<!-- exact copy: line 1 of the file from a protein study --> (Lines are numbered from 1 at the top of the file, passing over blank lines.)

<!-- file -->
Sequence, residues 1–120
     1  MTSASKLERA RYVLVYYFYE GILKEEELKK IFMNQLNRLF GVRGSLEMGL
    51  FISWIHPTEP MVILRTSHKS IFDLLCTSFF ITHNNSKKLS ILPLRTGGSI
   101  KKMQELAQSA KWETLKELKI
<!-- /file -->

Sequence, residues 1–120